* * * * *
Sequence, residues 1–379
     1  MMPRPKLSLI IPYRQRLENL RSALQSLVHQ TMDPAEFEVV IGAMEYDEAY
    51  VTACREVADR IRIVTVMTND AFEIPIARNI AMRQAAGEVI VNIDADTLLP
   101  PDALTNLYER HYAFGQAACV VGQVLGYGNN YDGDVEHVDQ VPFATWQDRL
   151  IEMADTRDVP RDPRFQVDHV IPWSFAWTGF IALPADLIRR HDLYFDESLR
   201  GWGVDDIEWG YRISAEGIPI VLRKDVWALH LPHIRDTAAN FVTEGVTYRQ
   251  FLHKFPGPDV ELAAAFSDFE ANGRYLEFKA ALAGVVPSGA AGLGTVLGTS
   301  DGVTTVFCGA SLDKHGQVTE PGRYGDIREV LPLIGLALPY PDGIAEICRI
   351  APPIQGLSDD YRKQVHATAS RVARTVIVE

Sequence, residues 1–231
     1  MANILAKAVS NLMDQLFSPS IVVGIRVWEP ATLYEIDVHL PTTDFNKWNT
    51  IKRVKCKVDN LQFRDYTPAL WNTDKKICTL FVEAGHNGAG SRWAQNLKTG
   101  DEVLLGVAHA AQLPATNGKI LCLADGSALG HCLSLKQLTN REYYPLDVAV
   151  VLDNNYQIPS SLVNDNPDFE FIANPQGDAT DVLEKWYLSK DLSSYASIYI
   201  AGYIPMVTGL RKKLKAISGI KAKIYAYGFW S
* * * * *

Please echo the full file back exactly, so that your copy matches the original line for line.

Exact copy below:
Sequence, residues 1–379
     1  MMPRPKLSLI IPYRQRLENL RSALQSLVHQ TMDPAEFEVV IGAMEYDEAY
    51  VTACREVADR IRIVTVMTND AFEIPIARNI AMRQAAGEVI VNIDADTLLP
   101  PDALTNLYER HYAFGQAACV VGQVLGYGNN YDGDVEHVDQ VPFATWQDRL
   151  IEMADTRDVP RDPRFQVDHV IPWSFAWTGF IALPADLIRR HDLYFDESLR
   201  GWGVDDIEWG YRISAEGIPI VLRKDVWALH LPHIRDTAAN FVTEGVTYRQ
   251  FLHKFPGPDV ELAAAFSDFE ANGRYLEFKA ALAGVVPSGA AGLGTVLGTS
   301  DGVTTVFCGA SLDKHGQVTE PGRYGDIREV LPLIGLALPY PDGIAEICRI
   351  APPIQGLSDD YRKQVHATAS RVARTVIVE

Sequence, residues 1–231
     1  MANILAKAVS NLMDQLFSPS IVVGIRVWEP ATLYEIDVHL PTTDFNKWNT
    51  IKRVKCKVDN LQFRDYTPAL WNTDKKICTL FVEAGHNGAG SRWAQNLKTG
   101  DEVLLGVAHA AQLPATNGKI LCLADGSALG HCLSLKQLTN REYYPLDVAV
   151  VLDNNYQIPS SLVNDNPDFE FIANPQGDAT DVLEKWYLSK DLSSYASIYI
   201  AGYIPMVTGL RKKLKAISGI KAKIYAYGFW S